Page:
Friday, January 25, 2013
Nature Canada Has Submitted Comments on the Proposed Exemptions for Industry to Ontario's Endangered Species Act. Have You?
If you haven’t submitted your comments yet opposing the alarming list of recommendations recently released by the Ontario Government which will exempt industrial activities from key sections of the province’s Endangered Species Act, today is your last day (see Nature Canada’s earlier post blog discussing this issue here).
This is a segment of what Nature Canada had to say:
Dear Ms. Adams,
The proposed regulatory amendments discussed in EBR 011-7696 are a source of great concern to Nature Canada. It is clear that these amendments will authorize potentially harmful activities to occur beyond the control and knowledge of the Ministry of Natural Resources’ (MNR) officials, even when impacting Ontario’s most sensitive species and habitats. We feel this proposal is in direct opposition to the purpose of the Endangered Species Act (ESA), which is to “protect species that are at risk and their habitats, and to promote the recovery of species that are at risk”.
These exemptions will apply to newly listed species at risk, species at risk newly discovered at a site, or any newly protected habitat. How is this proposal aligned with a precautionary approach to species at risk protection and recovery? And will this proposal not undermine years of investment by the Ontario government to protect and recover its listed species and their habitats?
Species that are newly listed may be experiencing a rapid decline and may be threatened by the very actions that will be exempt through this proposal. New species are continually being assessed and added to the list of Endangered Species, and species already listed are monitored which on occasion results in a modification of their designation. To ignore all future alterations to a list of species whose real world populations are constantly changing is unreasonable.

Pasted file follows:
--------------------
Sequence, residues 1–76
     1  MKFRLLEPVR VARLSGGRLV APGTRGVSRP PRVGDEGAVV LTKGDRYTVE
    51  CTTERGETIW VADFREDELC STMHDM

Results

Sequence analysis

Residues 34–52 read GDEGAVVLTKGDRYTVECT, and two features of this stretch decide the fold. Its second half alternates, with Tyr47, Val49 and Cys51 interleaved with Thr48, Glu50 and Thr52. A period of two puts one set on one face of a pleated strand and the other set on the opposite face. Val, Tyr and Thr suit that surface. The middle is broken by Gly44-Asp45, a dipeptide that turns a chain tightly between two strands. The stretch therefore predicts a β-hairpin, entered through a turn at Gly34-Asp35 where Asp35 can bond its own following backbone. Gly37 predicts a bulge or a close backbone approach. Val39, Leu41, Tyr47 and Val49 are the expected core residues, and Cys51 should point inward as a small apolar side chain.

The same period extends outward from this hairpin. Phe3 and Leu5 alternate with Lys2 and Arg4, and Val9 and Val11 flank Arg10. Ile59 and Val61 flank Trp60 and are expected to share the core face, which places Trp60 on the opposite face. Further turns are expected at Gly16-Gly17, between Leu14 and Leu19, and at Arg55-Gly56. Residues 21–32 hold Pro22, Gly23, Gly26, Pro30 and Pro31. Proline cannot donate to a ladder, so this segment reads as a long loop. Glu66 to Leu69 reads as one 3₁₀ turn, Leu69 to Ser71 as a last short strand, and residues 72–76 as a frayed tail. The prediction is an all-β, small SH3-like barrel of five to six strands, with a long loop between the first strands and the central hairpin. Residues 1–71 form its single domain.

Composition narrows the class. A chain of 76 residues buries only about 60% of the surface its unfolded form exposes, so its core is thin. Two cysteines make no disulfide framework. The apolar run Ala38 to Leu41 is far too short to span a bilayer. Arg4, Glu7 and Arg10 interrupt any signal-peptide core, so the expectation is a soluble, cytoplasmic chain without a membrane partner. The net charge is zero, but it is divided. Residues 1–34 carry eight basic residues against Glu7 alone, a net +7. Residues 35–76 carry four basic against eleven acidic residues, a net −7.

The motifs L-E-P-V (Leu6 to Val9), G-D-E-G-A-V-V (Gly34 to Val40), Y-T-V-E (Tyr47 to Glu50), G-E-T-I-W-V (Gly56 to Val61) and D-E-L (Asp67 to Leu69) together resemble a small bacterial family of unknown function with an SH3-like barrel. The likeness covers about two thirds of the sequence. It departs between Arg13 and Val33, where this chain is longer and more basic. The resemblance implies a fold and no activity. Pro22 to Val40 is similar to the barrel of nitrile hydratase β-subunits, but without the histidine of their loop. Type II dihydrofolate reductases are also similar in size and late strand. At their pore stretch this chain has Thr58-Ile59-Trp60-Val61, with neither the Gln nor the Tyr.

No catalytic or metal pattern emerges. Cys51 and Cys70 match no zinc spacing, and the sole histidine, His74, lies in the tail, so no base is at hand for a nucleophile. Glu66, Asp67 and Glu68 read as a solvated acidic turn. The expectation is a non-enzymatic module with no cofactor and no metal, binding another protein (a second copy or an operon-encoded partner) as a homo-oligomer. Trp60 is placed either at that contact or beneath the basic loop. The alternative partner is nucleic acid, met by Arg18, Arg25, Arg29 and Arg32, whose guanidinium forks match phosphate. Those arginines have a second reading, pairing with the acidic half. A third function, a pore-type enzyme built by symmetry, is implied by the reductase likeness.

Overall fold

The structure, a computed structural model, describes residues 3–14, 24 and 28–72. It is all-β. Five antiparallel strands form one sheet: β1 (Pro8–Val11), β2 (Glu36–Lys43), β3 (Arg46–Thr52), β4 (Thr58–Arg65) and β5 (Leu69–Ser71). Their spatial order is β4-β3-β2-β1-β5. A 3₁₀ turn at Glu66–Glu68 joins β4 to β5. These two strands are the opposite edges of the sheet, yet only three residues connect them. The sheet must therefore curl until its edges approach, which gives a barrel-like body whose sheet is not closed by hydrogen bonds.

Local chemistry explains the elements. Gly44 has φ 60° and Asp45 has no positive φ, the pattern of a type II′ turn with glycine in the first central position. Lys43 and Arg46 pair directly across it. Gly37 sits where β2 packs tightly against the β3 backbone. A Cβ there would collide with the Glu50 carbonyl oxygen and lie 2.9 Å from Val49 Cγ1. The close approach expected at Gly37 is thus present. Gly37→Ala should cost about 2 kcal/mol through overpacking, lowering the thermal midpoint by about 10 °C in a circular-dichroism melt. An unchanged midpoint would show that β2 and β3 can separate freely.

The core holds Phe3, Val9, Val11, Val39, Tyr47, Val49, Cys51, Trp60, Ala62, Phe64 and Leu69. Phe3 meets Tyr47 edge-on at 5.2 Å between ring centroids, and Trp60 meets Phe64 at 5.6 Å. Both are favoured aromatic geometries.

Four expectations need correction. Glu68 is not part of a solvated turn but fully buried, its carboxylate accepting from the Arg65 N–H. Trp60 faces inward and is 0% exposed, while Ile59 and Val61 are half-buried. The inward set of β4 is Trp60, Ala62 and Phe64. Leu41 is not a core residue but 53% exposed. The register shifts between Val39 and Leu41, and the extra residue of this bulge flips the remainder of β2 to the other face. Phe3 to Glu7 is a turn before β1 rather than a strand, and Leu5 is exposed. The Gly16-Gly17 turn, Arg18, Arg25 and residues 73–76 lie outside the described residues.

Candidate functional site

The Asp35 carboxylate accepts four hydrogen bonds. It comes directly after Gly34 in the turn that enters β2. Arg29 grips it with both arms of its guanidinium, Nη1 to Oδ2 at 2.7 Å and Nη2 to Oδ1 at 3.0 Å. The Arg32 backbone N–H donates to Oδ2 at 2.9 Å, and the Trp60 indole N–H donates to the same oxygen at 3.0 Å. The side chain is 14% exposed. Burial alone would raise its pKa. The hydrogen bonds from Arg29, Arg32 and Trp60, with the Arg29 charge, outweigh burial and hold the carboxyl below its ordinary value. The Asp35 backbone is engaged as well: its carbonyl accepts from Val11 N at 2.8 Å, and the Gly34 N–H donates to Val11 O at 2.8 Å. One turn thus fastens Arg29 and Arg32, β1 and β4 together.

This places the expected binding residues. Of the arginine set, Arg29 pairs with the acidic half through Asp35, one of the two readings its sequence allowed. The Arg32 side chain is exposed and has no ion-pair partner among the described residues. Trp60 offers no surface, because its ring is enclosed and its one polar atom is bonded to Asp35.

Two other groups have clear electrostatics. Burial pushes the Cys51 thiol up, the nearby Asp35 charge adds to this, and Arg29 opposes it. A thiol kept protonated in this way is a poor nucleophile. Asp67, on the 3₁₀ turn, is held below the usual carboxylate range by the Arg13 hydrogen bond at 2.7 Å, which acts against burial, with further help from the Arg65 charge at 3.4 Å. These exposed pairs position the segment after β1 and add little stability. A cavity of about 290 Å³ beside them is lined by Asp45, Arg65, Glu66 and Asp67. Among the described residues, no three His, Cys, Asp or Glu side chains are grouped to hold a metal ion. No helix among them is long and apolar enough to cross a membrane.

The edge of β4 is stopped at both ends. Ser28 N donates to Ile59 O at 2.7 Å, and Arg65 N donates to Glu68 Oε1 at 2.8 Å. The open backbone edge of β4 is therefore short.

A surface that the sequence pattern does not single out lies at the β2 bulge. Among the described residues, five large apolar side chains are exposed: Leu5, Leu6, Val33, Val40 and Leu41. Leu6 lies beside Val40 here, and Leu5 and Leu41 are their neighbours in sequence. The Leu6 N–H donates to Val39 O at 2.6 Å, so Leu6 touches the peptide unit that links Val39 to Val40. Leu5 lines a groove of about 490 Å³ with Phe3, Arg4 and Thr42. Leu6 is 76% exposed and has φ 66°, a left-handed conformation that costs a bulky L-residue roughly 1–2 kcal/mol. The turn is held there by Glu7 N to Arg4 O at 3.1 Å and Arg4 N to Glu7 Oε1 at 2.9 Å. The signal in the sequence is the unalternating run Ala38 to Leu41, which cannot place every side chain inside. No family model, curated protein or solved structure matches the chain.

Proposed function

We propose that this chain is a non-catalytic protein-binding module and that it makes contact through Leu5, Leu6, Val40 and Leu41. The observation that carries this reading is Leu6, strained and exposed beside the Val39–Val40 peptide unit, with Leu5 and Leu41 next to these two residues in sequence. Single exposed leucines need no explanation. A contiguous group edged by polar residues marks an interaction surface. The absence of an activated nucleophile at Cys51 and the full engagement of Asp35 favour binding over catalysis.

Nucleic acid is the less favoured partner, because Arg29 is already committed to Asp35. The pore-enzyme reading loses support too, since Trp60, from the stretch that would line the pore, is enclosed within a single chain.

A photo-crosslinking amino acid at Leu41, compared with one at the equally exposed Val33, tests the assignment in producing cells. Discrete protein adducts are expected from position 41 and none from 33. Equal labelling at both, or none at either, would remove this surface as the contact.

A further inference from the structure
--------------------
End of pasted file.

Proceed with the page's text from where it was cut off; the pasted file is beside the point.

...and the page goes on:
Many of the conditions attached to the proposed exemptions note that registration of an undertaking with MNR may not be mandatory in all cases. We fear the emphasis of this proposal on individuals or business to voluntarily follow rules and established regulations will make it extremely difficult if not impossible to regulate and enforce conformity of the conditions mentioned in this proposal. Through these exemptions the Ministry’s ability to uphold the law and to track and address impacts will be completely undermined. Registration with MNR and permit approval for potentially harmful developments must not be optional. The issuance of permits is critical for MNR to effectively monitor and control the impacts of development and related activities within Ontario, and to enforce compliance with rules and regulations.
Permits are able to deal with specific issues as they arise and should continue to be used, not replaced with exemptions for industry. We recommend that instead of removing the permit process in the name of streamlining the process and increasing administrative efficiencies, MNR place the financial burden of permit acquisition and research on the shoulders of those who will benefit from them as an alternative funding method (i.e., a “polluter pays” approach). This action will help to relieve MNR’s financial burden while still allowing for strong implementation of the Act and greater investment in recovery activities.
Thank you again for the opportunity to comment on this regulatory amendment proposal notice concerning the ESA. We trust that our concerns and recommendations will be taken into consideration. Please do not hesitate to contact us should you have any questions regarding this correspondence.
Read the full comments submitted by Nature Canada here.
You can read about the “Regulation Proposal Notice” and submit your own comments to the Ministry of Natural Resources. The comment period is open until January 25, 2013. Make sure to reference EBR Registry number 011-7696 for your entry to be considered.